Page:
Sunday, January 31, 2010

It seems to me that your last two posts both dealt with the same idea, that we comfortably live in the world of senses, utilizing and interacting with our spiritual nature, but accepting its reality only in the abstractest of ways. This is connected with an idea I've been kicking around for a while in connection with my history thesis. I find a common theme in my experience with Americans today: it seems there are a few groups. The faithful educated (ideal Catholics, but including other denominations, faiths and even the rare atheist like Camus): learns about human nature and God and the human experience through reason and history/tradition, which includes art and literature and religious scriptures (these obviously have more meaning to Catholics). The faithful uneducated: I don't want to use the term "uneducated" but it fits the matrix here; I mean uneducated about religious belief- people who accept Truth apart from reason. Such people can be very smart and terrific debaters, but I just don't get their goal (who cares if God made the world in 7x24 hours or 10 billion years?). The unfaithful educated: a small group of committed atheists. I don't know if I've really met any of these, but this group would include maybe Desmond Morris (The Naked Ape), scientists who believe in mere forces. The unfaithful uneducated: this is a popular group in universities; these people tend to collect in or near urban areas for their high density of Starbucks locations, where they can sip tall lattes and talk passionately about problems of human rights violations, global issues, religious bigotry and the US empire. This is the group I think that irritates me the most (they end up on TV commentary shows); they hijack the scientific work of the unfaithful educated, but accept the pleasant aspects of the educated faithful's anthropology. Then they whine.
I forget why I got onto this; Oh yeah! I think the unfaithful uneducated group are the ones pushing the materialistic worldview, thinking that their values and abhorrence for genocide comes out of science. They refuse to accept (or even look at) the monstrous results of a-morality, and decry religion as a stewpot of bigotry and violence.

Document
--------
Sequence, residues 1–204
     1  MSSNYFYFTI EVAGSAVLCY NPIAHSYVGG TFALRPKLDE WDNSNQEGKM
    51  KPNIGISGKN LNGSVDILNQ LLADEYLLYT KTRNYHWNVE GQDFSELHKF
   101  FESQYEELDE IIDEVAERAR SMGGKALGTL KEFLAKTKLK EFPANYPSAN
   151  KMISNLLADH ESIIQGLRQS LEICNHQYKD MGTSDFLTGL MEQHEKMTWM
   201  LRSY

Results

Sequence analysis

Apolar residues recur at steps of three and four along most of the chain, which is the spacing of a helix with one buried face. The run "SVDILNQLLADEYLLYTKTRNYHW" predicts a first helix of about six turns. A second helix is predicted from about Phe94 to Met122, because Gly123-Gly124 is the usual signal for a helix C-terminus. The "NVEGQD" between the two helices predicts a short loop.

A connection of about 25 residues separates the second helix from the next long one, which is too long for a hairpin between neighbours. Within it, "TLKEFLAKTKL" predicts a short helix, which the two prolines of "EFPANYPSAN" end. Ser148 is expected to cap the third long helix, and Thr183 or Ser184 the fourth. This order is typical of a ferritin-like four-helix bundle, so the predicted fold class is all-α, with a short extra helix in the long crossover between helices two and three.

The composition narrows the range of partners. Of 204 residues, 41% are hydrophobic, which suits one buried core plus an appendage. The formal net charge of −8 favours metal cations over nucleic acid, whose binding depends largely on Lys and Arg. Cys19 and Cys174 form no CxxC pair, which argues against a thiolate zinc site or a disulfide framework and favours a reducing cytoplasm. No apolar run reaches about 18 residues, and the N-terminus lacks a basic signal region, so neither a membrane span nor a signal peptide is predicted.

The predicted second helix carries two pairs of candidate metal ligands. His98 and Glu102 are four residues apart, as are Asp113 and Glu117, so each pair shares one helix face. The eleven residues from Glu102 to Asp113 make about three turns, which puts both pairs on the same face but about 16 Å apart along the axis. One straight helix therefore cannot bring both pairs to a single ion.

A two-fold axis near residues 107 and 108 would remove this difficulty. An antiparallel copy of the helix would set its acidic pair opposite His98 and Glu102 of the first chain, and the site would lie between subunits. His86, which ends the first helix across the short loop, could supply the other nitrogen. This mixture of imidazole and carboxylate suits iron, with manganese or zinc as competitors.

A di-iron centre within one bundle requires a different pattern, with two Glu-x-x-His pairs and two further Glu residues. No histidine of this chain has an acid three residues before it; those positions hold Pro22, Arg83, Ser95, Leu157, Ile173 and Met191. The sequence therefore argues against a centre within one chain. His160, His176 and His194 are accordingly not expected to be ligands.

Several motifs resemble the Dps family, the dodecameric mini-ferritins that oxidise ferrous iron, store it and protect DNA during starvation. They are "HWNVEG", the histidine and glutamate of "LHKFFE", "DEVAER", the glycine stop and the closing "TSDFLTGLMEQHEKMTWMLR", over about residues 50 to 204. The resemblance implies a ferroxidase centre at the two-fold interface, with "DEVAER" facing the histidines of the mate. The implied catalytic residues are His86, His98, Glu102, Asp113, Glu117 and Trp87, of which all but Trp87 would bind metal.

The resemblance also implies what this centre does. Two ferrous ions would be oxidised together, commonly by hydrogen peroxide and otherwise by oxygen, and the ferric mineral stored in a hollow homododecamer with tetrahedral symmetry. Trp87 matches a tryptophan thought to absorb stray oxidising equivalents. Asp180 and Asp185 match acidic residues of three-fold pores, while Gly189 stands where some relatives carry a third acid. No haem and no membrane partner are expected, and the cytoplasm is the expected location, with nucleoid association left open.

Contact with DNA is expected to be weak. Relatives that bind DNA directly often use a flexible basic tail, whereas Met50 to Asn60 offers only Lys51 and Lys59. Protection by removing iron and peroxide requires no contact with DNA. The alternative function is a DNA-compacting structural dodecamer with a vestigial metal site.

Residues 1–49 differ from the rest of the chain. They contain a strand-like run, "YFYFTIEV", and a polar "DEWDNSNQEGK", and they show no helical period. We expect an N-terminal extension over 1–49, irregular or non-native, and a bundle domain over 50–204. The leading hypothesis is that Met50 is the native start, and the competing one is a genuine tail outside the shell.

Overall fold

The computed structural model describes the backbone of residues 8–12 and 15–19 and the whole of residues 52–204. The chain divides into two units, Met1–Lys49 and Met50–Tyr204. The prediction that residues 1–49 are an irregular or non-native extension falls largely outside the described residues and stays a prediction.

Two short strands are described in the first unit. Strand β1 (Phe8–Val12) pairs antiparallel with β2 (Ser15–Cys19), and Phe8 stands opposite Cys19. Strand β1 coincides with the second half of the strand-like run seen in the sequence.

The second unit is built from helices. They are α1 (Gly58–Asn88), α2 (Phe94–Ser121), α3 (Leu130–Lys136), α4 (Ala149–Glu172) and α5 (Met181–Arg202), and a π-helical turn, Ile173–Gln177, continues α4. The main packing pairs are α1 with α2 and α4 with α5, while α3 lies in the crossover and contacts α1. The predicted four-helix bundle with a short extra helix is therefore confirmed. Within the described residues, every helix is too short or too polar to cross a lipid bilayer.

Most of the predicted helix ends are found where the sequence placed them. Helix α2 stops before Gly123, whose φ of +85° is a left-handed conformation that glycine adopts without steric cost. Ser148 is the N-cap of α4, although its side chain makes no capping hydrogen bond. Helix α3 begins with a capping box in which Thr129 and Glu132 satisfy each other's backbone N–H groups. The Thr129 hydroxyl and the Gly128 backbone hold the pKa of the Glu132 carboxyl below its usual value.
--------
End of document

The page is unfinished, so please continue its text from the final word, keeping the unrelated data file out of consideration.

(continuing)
To them I offer Camus, an atheist who was honest enough to recognize atheism's results: “In more ingenuous times, when the tyrant razed cities for his own greater glory, when the slave chained to the conqueror’s chariot was dragged through the rejoicing streets, when enemies were thrown to the wild beasts in front of the assembled people, the mind did not reel before such unabashed crimes, and judgment remained unclouded. But slave camps under the flag of freedom, massacres justified by philanthropy or by a taste for the superhuman, in one sense cripple judgment.”
The spiritual life is most important for personal growth and Love of the Lord and the full life, but even from an impersonal philosophical point of view, it is necessary for preserving human civilization.

1 comment:

  1. I agree 100%, Basil, that “[the spiritual life] is necessary for preserving human civilization” – and this is because part of human civilization IS spiritual. It doesn’t matter if people recognize it or not: the spiritual life exists. Furthermore, what happens when something that needs nourishment and attention is ignored? Not only does it shrivel and decay, it rots, stinks and parasitically annihilates what is near it – in this case, the physical life of human civilization.

    I like your breakdown of modern Americans, particularly your exploration of the final and fourth group. It reminds me of what I said earlier in connection to the secular humanists. They sip their lattes in their mock black turtlenecks, contemptuous of the “naivety” of Christianity; they praise the “enlightenment” and open-mindedness of modern academia. They fight against genocide, protect women’s rights, and detest totalitarian regimes. Unfortunately, they do not see the gaping nothingness beneath their Starbucks. They rip away the foundations of morals and the bridge of truth, not seeing that their own highest ideals have simply lost meaning in the void that is secular humanism.